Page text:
This crucial process of envisioning the future of our association already has begun and will continue throughout 2022. At the November 2021 NCA Annual Convention in Seattle, the members of the Legislative Assembly devoted their Saturday session to discussing several questions, including:
- What would you do to raise NCA’s visibility as an organization?
- What difference do we want NCA to make and what should our priorities be?
- What initiatives should NCA undertake to support our members and our mission?
- In the two to three years ahead, what will be key questions we will have to face as a discipline?
- What roles would you specify for NCA in providing solutions to those questions?
- What changes will the organization have to make to optimize the creation of those solutions?
The perspectives gathered from these discussions will provide an important foundation for the next stages of our planning. Understanding our association’s culture, values, and priorities is essential, and will require the inclusion of multiple voices and diverse perspectives.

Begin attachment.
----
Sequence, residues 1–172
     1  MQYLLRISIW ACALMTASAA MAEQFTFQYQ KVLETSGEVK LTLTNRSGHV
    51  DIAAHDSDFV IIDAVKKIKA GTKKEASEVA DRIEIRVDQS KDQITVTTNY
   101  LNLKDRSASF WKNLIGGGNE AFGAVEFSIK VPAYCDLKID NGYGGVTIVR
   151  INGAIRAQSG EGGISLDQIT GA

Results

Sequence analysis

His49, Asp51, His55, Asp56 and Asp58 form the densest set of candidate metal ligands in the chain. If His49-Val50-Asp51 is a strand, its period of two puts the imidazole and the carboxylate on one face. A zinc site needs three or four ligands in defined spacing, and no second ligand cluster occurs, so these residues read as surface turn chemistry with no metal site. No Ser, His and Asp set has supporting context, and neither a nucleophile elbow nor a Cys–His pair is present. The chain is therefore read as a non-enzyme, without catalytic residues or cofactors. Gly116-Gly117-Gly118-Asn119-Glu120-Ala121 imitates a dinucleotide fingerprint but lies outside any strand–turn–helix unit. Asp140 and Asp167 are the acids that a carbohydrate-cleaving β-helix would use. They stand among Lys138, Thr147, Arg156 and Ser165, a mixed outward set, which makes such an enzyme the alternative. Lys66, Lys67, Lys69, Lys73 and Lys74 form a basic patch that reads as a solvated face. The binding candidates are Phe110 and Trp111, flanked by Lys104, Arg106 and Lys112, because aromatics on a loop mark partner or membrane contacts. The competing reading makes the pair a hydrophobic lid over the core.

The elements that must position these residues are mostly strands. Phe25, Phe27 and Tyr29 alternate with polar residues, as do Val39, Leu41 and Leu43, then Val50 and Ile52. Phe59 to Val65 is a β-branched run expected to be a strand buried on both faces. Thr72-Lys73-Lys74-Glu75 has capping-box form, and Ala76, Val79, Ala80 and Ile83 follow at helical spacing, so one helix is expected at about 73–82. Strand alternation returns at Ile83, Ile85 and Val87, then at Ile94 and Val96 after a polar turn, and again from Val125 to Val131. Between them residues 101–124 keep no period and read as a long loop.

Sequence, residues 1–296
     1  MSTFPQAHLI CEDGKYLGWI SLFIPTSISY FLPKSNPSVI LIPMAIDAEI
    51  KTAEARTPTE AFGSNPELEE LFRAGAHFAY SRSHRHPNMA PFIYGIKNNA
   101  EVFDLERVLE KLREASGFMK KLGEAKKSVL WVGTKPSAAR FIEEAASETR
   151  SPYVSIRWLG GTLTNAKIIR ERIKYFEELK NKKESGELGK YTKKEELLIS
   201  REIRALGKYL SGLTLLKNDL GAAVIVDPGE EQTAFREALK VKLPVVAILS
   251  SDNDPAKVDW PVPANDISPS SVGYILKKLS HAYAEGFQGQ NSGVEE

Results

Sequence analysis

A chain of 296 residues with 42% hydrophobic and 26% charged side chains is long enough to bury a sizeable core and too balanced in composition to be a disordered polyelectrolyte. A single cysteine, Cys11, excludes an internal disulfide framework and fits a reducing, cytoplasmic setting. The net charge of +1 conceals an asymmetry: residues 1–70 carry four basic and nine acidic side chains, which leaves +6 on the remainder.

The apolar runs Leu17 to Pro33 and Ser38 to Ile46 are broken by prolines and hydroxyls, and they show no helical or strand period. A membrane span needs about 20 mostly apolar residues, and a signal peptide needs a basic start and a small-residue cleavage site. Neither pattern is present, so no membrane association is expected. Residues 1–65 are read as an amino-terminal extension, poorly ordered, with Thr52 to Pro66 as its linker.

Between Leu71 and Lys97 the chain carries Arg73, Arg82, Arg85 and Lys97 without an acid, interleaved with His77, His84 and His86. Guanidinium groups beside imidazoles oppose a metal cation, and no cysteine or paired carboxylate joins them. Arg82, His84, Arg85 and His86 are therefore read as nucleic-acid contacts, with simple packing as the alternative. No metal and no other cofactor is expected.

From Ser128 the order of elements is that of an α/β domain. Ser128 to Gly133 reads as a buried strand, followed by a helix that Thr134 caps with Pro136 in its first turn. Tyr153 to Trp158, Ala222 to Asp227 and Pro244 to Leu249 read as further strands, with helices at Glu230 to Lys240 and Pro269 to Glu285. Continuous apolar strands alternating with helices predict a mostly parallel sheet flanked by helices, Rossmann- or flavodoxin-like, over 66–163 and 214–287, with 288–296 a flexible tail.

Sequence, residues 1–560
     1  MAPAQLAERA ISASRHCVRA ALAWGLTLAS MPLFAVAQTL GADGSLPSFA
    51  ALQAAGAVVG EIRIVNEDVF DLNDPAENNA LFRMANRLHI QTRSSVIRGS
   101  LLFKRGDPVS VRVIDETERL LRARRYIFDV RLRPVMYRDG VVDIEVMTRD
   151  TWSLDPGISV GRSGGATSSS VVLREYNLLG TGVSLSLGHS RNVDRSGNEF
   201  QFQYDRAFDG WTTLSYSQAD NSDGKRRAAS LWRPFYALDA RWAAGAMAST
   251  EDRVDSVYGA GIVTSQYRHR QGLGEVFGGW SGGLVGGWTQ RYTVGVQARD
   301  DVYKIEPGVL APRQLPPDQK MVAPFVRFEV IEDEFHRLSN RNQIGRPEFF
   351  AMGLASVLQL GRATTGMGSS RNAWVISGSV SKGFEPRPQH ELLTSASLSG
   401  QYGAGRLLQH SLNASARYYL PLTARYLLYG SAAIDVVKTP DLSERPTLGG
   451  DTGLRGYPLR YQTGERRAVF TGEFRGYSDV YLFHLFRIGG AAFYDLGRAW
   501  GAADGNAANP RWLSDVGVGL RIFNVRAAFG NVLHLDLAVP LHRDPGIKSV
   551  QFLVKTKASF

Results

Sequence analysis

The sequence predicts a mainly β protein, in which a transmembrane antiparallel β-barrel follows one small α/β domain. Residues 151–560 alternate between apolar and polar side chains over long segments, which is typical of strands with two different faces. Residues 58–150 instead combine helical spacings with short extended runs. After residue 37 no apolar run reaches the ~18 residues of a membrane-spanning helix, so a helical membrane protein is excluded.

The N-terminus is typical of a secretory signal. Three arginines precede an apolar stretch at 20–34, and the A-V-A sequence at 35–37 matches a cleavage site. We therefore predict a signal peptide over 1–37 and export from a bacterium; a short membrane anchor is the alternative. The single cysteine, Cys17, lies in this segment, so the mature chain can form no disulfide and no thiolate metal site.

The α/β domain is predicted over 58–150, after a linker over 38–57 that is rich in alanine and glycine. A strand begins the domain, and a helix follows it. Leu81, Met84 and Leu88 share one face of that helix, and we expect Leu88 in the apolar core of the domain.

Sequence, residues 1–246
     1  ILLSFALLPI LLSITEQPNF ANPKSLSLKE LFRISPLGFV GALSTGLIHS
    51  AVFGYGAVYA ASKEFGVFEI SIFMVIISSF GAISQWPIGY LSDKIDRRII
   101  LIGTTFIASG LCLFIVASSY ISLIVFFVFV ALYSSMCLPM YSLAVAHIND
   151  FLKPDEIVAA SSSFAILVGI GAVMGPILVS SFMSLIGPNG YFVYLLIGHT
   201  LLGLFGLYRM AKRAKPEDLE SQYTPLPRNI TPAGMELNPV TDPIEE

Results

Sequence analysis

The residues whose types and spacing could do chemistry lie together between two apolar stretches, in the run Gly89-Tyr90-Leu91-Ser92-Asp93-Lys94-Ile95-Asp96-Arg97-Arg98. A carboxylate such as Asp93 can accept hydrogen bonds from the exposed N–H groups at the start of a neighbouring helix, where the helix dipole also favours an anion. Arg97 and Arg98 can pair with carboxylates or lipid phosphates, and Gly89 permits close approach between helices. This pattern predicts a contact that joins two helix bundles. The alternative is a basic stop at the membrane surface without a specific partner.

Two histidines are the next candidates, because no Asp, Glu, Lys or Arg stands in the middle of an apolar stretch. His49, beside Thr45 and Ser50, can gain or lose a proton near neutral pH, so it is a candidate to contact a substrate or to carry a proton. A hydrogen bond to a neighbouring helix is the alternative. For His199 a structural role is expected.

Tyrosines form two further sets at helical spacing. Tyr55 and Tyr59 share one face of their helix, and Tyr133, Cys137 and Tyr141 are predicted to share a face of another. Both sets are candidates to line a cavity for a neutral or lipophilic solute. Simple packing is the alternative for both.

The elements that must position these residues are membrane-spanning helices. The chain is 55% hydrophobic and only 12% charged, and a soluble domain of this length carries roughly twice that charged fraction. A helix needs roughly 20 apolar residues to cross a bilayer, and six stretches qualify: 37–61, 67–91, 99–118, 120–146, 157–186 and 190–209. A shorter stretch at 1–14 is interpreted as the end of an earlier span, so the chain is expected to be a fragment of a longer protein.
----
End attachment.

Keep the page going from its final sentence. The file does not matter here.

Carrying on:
Please consider this as your invitation to share your thoughts and participate in this significant conversation. Undertaking a comprehensive strategic planning process is both daunting and exciting, but for me, it is especially the latter. I sincerely hope that you will feel that excitement as well! NCA has traveled far in the last decade by expanding our internal structures, initiating new means of outreach, and examining our values and consequent actions. We now have the extraordinary opportunity to explore what is most important to us, to envision new structures we can create to further our mission, and to work together to craft an association that is strong and vital. I encourage you to join me in this journey as together we chart the road to NCA’s future.